Westlake Legal Group map-720 How Stephen Miller Rode an Anti-Immigration Wave to the White House United States Politics and Government Trump, Donald J Race and Ethnicity Miller, Stephen (1985- ) Immigration and Emigration Illegal Immigration discrimination Conservatism (US Politics)

Percentage change in the foreign-born share of the population by county, 1990-2017

Westlake Legal Group map-460 How Stephen Miller Rode an Anti-Immigration Wave to the White House United States Politics and Government Trump, Donald J Race and Ethnicity Miller, Stephen (1985- ) Immigration and Emigration Illegal Immigration discrimination Conservatism (US Politics)

Percentage change in the foreign-born share of the population by county, 1990-2017

Westlake Legal Group map-300 How Stephen Miller Rode an Anti-Immigration Wave to the White House United States Politics and Government Trump, Donald J Race and Ethnicity Miller, Stephen (1985- ) Immigration and Emigration Illegal Immigration discrimination Conservatism (US Politics)

Percentage change in the foreign-born share

of the population by county, 1990-2017

Sources: U.S. Census; American Community Survey 2012-17

By Juliette Love

Not least among the forces shaping the debate was immigration itself: It accelerated and spread to the South, with the number of unauthorized immigrants growing especially fast.

In 1986, President Reagan signed a compromise law that gave legal status to nearly three million people while adding new penalties to curb flows of illegal immigrants. But enforcement proved weak, and the unauthorized population reached a record 12 million. Restrictionists, feeling betrayed, swore never to allow another “amnesty.”

President Ronald Reagan signing the Immigration Reform and Control Act in 1986, which gave nearly three million people legal status.CreditBettmann, via Getty Images

After a Republican backlash in the 1990s led more immigrants to vote for Democrats, Mr. Bush ran in 2000 as a pro-immigrant conservative. He saw Latinos as proto-Republican — religious, entrepreneurial, family-oriented — and was considering a legalization plan when the Sept. 11 attacks consumed his administration.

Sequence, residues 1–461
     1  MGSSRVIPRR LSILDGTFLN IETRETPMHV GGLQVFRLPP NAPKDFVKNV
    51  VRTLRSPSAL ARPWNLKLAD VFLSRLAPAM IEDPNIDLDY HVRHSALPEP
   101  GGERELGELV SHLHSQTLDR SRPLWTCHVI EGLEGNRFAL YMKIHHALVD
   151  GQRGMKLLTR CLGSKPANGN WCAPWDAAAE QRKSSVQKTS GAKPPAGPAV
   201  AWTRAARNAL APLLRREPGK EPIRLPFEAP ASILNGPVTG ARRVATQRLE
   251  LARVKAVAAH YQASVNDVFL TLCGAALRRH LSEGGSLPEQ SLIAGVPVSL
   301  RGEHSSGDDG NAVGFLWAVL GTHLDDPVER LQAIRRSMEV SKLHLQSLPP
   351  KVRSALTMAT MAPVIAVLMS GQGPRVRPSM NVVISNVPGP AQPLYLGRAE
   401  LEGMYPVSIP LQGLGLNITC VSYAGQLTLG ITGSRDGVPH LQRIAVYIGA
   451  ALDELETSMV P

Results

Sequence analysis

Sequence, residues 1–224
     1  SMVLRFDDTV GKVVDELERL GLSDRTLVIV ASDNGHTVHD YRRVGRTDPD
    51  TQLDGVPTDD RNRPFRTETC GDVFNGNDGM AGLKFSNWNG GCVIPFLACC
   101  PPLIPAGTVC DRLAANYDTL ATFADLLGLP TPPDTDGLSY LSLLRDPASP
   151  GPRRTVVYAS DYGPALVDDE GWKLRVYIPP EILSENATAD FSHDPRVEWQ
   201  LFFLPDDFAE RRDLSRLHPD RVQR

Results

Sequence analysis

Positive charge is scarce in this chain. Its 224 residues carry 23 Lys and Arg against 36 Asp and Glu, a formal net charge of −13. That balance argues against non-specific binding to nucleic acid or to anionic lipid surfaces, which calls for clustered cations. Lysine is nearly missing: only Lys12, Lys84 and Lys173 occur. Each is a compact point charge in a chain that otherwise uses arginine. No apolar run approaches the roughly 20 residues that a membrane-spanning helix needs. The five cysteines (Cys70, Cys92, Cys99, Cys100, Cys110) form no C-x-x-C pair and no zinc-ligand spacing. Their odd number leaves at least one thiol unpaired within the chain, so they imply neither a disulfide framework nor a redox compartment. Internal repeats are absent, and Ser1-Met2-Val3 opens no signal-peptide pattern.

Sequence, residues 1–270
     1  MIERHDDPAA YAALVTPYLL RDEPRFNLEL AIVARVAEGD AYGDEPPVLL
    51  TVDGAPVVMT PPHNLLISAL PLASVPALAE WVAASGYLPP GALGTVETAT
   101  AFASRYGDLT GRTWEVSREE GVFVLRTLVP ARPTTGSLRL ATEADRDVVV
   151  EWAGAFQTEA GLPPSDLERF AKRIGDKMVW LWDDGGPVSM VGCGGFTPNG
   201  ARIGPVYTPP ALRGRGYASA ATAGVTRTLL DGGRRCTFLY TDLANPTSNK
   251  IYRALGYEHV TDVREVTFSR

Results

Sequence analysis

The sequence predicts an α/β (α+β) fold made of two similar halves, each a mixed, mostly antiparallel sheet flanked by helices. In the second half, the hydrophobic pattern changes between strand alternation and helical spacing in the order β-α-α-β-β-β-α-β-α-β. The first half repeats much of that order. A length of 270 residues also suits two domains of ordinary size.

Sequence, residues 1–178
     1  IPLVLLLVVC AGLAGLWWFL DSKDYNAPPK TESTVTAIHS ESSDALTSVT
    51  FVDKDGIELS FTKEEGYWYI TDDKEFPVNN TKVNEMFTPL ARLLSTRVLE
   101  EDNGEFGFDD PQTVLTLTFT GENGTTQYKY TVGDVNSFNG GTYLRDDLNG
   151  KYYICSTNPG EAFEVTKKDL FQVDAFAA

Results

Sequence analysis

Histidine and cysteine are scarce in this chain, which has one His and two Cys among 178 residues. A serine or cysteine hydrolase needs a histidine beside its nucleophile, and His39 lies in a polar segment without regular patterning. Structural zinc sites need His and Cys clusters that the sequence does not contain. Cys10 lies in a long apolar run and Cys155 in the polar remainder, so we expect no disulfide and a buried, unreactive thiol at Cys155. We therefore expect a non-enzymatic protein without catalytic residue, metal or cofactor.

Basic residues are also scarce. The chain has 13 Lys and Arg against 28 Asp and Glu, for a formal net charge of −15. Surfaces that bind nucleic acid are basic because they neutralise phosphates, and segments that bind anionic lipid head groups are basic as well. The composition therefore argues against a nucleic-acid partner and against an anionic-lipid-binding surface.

By the time he returned to the issue in 2007, his party’s skepticism toward legalization had hardened into implacable opposition. Amplified by talk radio, populist critics denounced his plan as “shamnesty”; one called it an effort to make America a “roach motel.” Three-quarters of Republican senators opposed it.

Just a year before, a rising Republican star had urged fellow conservatives not to abandon the party’s Reaganite support for immigration.

“We are either going to prove that we believe in the ideas enshrined on the Statue of Liberty, or the American people will go looking elsewhere,” said a congressman from Indiana, Mike Pence.

But the party’s shift proved decisive. Now, as vice president, Mr. Pence loyally defends the policies set by the president and Mr. Miller.

The forces that pushed the Republican Party to the right also shaped Mr. Miller.

Born in 1985, he grew up in a post-Cold War world where the acceptance of refugees was no longer seen as part of America’s resistance to a hostile foreign power. Rapid ethnic change was shaping his world.

The son of an affluent real estate investor, he entered high school in a self-consciously multicultural Santa Monica in 1999, just as California became a majority-minority state. At the start of his junior year, the attacks on Sept. 11 took nearly 3,000 lives.

The terrorist plot was central to his political awakening. Complaining that school officials were insufficiently patriotic, Mr. Miller won an uphill fight to make them enforce regulations requiring the Pledge of Allegiance. “Osama bin Laden would feel very welcome at Santa Monica High School,” he wrote in 2002 in a local publication.

Tellingly, he took his case to talk radio, as a frequent guest on “The Larry Elder Show.” It was a pattern Mr. Miller would repeat in subsequent years: airing hyperbolic claims of liberal treachery to conservative media allies. “He loved being the provocative conservative behind liberal lines,” said Ari Rosmarin, who was editor of the school newspaper and now works on criminal justice issues at the American Civil Liberties Union.

Mr. Miller’s main issue was assimilation, or what he saw as its failures. Writing in a local paper, he complained that “a number of students lacked basic English skills,” and his yearbook page quoted Theodore Roosevelt: “There can be no fifty-fifty Americanism.” The school paper ran a parody of him railing against ethnic food and demanding white bread and “fine Virginia hams, just as the founding fathers used to enjoy on their bountiful plantations.”

Classmates were often unsure whether his provocative views were sincere or a bid for attention. “Am I the only one who is sick and tired of being told to pick up my trash when we have janitors who are paid to do it for us?” he said in a speech for student government. A video shows him flashing a self-satisfied smile as classmates jeer.

His uncle, Dr. David S. Glosser, a vocal critic, dismissed the antics as “just an early adolescent desire to be noticed.”